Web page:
Establishing a Company Policy | Resolving Conflict without Causing More

When contemplating whether or not to enforce a new company policy, it is essential to make sure you cover all necessary steps to get your team of employees on board.  This will minimize the anxiety that comes with change, and also ensure the policy is understood and followed both short term and long term.  Use the following steps to successfully implement policy.

Decide whether the policy is warranted.
New policies are necessary to resolve conflict and alleviate challenges within the workplace.  However, you don’t want to implement a policy that creates more problems than it solves.  Make sure the policy is being created for the majority of the employees, not the minority.  Here are a few criteria to determine whether a policy changed is needed:
– Will it keep the company in compliance with government policies?
– Have previous regulations changed?
– Will it establish consistent standards across the organization?
– Is it fair from all employees’ perspectives?

Involve your staff.
Your task as a manager is to communicate how addressing the above need with a proposed policy will benefit both the employee and the organization.  Ask your employees for input and stress how they can benefit from the new policy.  Being involved in the decision-making process gives employees a sense of ownership, and they’ll be more willing to make suggestions and adapt to changes.  Employees will be able to provide insight on how the policy change will affect particular steps of the process that you don’t have a hand in on a day-to-day basis.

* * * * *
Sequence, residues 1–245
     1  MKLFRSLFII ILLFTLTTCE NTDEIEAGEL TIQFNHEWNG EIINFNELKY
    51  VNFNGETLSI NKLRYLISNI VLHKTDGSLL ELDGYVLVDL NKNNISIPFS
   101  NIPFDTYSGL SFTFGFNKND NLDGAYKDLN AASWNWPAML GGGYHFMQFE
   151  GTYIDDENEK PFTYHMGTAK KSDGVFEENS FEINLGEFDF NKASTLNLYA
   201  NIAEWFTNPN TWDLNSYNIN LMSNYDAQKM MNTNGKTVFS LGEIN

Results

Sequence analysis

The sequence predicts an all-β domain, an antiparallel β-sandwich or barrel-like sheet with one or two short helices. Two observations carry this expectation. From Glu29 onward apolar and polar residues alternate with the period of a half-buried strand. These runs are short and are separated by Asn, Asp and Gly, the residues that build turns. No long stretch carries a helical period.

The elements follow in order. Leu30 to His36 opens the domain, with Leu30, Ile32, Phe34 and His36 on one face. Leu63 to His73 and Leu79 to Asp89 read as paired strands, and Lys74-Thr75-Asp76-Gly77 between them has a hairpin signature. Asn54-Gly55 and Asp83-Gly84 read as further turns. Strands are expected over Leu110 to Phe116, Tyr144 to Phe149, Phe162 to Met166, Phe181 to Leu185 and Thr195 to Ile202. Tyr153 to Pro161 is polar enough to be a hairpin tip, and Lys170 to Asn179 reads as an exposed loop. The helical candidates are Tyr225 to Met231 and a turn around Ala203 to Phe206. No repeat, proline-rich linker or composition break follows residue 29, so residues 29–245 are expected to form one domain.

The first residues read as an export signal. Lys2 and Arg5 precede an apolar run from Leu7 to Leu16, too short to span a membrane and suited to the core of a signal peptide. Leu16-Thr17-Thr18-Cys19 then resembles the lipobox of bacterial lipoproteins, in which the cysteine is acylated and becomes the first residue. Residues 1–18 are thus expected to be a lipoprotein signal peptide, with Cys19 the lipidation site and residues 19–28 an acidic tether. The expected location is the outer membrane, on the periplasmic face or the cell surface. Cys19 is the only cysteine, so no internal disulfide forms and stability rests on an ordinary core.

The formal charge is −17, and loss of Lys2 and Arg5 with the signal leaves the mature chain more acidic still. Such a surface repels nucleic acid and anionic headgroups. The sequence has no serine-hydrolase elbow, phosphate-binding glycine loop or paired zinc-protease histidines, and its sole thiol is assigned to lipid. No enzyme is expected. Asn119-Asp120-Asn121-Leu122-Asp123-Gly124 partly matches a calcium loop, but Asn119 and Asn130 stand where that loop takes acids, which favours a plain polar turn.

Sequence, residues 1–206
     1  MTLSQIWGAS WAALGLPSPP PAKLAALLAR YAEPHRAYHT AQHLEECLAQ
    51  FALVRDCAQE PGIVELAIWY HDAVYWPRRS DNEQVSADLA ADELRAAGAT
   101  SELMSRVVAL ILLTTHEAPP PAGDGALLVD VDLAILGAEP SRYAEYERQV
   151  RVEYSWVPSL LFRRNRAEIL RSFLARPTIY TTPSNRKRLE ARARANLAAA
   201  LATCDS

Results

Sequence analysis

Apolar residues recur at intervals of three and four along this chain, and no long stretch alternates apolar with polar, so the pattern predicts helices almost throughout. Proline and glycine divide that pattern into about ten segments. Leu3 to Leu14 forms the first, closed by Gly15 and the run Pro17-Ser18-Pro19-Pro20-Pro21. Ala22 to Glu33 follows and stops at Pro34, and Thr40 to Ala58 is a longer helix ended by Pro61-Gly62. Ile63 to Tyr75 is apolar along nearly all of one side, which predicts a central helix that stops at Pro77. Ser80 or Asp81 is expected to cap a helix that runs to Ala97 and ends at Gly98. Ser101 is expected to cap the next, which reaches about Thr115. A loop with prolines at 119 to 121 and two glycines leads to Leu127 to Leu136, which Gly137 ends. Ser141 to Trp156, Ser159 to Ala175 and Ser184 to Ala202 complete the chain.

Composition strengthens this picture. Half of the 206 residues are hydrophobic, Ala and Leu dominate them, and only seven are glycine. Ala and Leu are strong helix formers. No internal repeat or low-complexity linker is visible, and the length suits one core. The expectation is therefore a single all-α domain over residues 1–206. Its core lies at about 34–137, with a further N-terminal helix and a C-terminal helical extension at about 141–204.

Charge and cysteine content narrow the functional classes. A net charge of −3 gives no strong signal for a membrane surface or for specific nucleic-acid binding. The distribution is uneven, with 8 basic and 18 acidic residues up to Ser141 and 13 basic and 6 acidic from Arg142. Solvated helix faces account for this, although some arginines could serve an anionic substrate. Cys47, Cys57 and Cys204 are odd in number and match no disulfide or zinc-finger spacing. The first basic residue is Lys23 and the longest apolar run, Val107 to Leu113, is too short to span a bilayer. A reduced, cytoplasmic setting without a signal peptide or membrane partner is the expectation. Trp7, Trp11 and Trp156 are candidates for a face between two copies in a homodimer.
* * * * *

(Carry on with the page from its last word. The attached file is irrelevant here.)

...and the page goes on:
Write the policy down.
Policies that aren’t written down will get misinterpreted, altered, or even forgotten about.  Use simple language and speak directly the people who will be reading, enforcing, and adhering to the policy.  Select a small group of individuals to read through the policy and make sure it’s clear and understandable before sending it out to the entire organization. This will give you an opportunity to make last-minute revisions to the policy to ensure that it is understandable for the entire audience.

Provide training.
It’s essential to have training any time a new policy is implemented.  After communicating the policy throughout the organization, schedule a training session for all employees.  Keep in mind when scheduling the training sessions that it takes an average of four weeks to develop a habit and become comfortable with new workplace procedures.   If you’re implementing an extensive policy, you should schedule follow-up trainings.  Bear in mind that it will take a couple runs through the production cycle, before the policy is one hundred percent implemented.

Monitor the policy.
Keep monitoring the policy changes after they’re implemented to make sure that they’re working as predicted. By doing so, you’ll be able to anticipate problems and make small adjustments periodically.  This is the best way to ensure that the policy is meeting both short-term needs and long-term goals.

No matter how large or small the policy change, most employees are initially resistant.  However, by following the above steps and presenting your case for improvement as a personal benefit to the employee, you’ll experience a smooth transition.

If your new policy calls for ramping up your staff in the Greater Cleveland area, Area Temps is here to help. Contact a staffing partner today to see how we can provide customized staffing solutions for your organization.

Leave a Reply

  • (will not be published)